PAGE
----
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Plant-Based Eating: Finding a Healthy Balance

In January 2019, Canadians finally got to see the long-awaited revision to Canada’s Food Guide, and it’s quite a departure from previous versions. Gone is the traditional rainbow model, in favour of a “food guide snaphot”, which is a picture of a balanced plate of food.

One of the biggest departures from the old Food Guide is the new emphasis on including plant-based proteins in the diet. At first, this notion had some pundits worried that meant an exclusion of meat or chicken, but now we know it just means a change in the name for food groups.

The former “meat and alternatives” and “milk and alternatives” food groups have merged into one grouping, collectively known as “protein foods.”

While meat, fish, poultry, eggs and milk products are still part of this grouping, Canada’s Food Guide says to “choose protein foods that come from plants more often.” It explains that eating plant-based...

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Five Fast Facts About Chicken

Whether it’s white or dark meat, in a sandwich or mixed with pasta or atop salad, chicken is a familiar favourite and always a crowd-pleaser. Did you know that chicken is offered on more menus than any other protein item? It’s certainly one of the top protein choices in the Canadian diet! But just how well do you really know this nutritious and versatile poultry? Here’s an overview that explains the nutritional value of chicken and busts common misconceptions.

What’s the nutritional difference between varying cuts of chicken?

Chicken is generally divided into white meat (breast and wings) and dark meat (thigh and drumstick). Fat in chicken is often found in the skin, so skinless cuts tend to be leaner. The cuts vary in calories, protein and fat content, as illustrated in the chart below:

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Comfort Food to Soothe the Soul

Comfort food for seniors

Did you love macaroni & cheese when you were a child? What about Sunday’s pot roast with mashed potatoes? It turns out that the foods that we enjoyed most when we were children, tend to be the same foods we love as we grow into adulthood and older age.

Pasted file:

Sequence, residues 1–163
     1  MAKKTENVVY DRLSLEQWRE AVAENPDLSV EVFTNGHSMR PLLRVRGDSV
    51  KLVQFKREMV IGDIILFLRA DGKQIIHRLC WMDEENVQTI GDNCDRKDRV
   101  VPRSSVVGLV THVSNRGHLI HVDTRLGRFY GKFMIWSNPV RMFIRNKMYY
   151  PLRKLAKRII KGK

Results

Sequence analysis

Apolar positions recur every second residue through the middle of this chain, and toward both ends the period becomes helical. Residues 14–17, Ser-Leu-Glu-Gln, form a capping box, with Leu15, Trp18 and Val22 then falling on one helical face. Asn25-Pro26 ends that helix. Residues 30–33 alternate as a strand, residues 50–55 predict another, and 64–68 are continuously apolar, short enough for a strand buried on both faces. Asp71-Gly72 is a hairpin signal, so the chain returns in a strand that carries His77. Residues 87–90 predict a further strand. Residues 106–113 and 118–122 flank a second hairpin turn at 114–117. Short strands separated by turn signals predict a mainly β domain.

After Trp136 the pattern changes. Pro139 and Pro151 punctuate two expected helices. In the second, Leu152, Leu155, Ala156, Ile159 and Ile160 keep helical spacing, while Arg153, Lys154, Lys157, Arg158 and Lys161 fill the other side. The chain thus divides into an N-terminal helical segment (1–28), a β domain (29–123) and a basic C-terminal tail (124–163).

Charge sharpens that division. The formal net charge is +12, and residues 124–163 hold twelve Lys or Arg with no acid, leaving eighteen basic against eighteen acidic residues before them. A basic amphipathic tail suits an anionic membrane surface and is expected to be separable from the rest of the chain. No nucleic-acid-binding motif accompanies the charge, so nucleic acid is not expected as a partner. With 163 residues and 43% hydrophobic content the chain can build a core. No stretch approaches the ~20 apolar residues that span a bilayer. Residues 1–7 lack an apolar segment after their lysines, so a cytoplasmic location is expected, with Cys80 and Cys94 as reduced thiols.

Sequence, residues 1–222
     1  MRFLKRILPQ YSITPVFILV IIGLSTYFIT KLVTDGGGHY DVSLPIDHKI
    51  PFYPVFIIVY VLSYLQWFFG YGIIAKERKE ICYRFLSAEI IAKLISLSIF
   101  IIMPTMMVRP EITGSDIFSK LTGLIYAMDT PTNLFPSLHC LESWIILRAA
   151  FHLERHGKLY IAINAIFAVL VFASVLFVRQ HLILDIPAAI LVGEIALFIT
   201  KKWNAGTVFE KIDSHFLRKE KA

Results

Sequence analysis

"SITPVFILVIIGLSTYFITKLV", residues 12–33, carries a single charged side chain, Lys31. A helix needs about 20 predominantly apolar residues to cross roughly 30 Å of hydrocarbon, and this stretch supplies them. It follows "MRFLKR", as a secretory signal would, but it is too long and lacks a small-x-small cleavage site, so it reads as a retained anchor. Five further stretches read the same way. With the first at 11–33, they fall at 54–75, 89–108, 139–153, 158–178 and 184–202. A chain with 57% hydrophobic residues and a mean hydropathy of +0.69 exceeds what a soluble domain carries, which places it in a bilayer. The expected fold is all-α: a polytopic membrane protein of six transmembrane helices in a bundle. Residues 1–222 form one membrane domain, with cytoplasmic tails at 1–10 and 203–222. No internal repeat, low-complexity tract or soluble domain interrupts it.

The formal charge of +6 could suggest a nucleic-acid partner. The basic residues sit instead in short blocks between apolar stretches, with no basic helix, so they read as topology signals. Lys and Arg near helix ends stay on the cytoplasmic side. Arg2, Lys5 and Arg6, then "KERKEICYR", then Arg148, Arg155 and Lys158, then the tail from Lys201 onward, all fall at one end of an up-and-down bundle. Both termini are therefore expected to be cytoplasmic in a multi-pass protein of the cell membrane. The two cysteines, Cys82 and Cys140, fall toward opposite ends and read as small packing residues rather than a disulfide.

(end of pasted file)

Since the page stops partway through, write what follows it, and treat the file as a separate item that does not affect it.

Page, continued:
As creatures of habit, we seek comfort from familiar flavours, textures, sights and scents of food. Nutrition behaviours that are formed in childhood become ingrained, and once a particular behaviour or preference is implemented, it’s very hard to change it as we age.

When serving older adults in hospital, retirement or long-term care settings, it’s important to keep in mind that each individual has their own ingrained food preferences. Older adults have already undergone a long period implementing nutrition behaviours during their whole life course. It’s your job to meet them where they are, and try to provide foods...

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Canadians Want More Natural Foods

Almost 60 percent of Canadians say they are making an effort to change their eating habits. Leaning towards more natural foods, we’re committed to eating less sugar, salt and fat, and are focusing more on fruit, vegetables, grains and lean protein. That’s good news for our long-term health.

If you’re in charge of choosing recipes in hospitals, cafeterias, retirement or long-term care settings, it’s vital to know what Canadians are looking for. The easiest way to support the goal towards healthy eating is to pick recipes with whole, minimally processed ingredients rather than ultra-processed products.

Processed, packaged?

In a recent survey of Canadian adults, over 60 percent said they are looking for products that are free of additives, preservatives, pesticides and hormones. Interestingly, when compared to younger Canadians, older adults are more likely to say that it’s important for their foods to be locally produced, free of additives, and to come...

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Chicken with Global Flair

If there’s one thing Canadians can agree on, it’s our love of chicken! Collectively, we eat about 1 billion kilograms of chicken each year. Since we eat so much of it, it’s important to drum up new recipes to keep taste buds happy.

As menus rotate in senior living settings, it’s wise to stick to residents’ favourites, and add something new to spark interest and keep everyone satisfied. Are you looking for new ideas for your preferred cuts of poultry? We’ve scanned the globe and come up with a variety of choices that speak to the growing diversity of cultural and ethnic backgrounds in Canadian retirement and long-term care settings.

Based upon the preference of residents, here are new ideas for chicken dishes that are inspired by Italy, Greece, China, India, Central Europe, Ukraine and the Middle East.  To find the recipes that are referenced below and many others, simply check...

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Time to Explore the Dark Side

When it comes to chicken, do you prefer white meat or dark meat? Most North Americans have been convinced that white meat is the healthier choice, but dark meat has some amazing nutritional benefits too! It’s time to embrace dark meat for its nourishing value, succulence and culinary versatility.

Why is it dark?

Most chickens don’t fly, but they do move around using their legs and thighs. This pattern of movement preserves muscles in their wings and breasts, which remain white. At the same time, the high movement of their thighs and legs causes them to turn a darker shade due to myoglobin, the protein that provides muscles with the oxygen they need during movement. It’s myoglobin that gives dark meat its characteristic reddish colour. So, it’s pretty simple, really: dark meat is caused by increased muscle movement because chicken walk rather than fly, while white meat is the result of...

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